CLOSE-UP: CLIENT OF THE WEEK; Olympus talents end TV exile

Olympus is targeting new buyers, but the personnel are familiar.

Olympus is targeting new buyers, but the personnel are familiar.

Compile a list of the best British TV commercials ever made and it’s

odds-on that the comedy vignettes for Olympus cameras, starring David

Bailey, will find a place on it.

A product of the creative high-summer at Collett Dickenson Pearce, they

have an enduring quality that belies the fact they first appeared more

than 20 years ago and that it’s five years since an Olympus commercial

was aired.

Nevertheless, Olympus ended its TV exile this week with a campaign

through Lowe Howard-Spink, safe in the knowledge that the links with its

great advertising heritage haven’t all disappeared.

One fan of the new ads is Frank Lowe, who was chairman of CDP when the

‘Bailey’ campaign made its debut. Another is Olympus’s communications

director, Ian Dickens, the man charged with sustaining its image among a

new generation of camera buyers.

For the past 14 months, Dickens and Lowes have been working on a new

creative treatment in which the supermodel, Naomi Campbell, is

transformed into an 80-year-old woman whose recollections are brought to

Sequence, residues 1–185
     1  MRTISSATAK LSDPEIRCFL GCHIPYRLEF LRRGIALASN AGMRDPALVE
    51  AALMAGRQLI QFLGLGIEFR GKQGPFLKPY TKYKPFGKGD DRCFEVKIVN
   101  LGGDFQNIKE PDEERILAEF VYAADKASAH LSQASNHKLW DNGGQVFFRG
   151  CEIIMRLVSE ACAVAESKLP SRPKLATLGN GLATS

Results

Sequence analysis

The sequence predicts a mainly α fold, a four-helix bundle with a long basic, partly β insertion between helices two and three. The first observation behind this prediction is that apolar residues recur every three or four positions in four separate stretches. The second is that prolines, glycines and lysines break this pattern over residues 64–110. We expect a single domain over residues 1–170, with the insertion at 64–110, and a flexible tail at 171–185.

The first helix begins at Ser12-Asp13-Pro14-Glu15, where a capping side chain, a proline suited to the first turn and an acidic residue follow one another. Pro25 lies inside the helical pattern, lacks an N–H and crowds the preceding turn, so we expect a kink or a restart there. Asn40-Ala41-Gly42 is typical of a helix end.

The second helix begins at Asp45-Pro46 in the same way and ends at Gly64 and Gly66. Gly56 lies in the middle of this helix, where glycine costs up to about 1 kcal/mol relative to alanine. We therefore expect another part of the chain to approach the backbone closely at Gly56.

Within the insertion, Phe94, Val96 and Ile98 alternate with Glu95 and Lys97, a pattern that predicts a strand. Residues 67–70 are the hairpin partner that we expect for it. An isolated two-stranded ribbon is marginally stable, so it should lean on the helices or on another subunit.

life through pictures taken using her Olympus.

Alas, either the camera or the old girl’s memory are playing tricks on

her as she recalls how her ‘novel’, which headed for the remaindered

list faster than a camera’s shutter, scooped the Booker Prize.

Dickens, 40, says a new approach was required to make the brand relevant

to the modern breed of amateur photographer. In the past, Bailey’s

professional endorsement was important because technofear was an issue.

Today, when all the customer has to do is hold the camera still and

press a button, more emotional advertising is needed.

Dickens has board responsibilities across a range of Olympus products,

but he admits to having a lingering fascination with the creative

process - a legacy of his days at art college.

He once took pictures for a living at Autocar magazine, but is now just

an occasional shutterbug. ‘I take pictures of my children. They love it

- I don’t think,’ he says.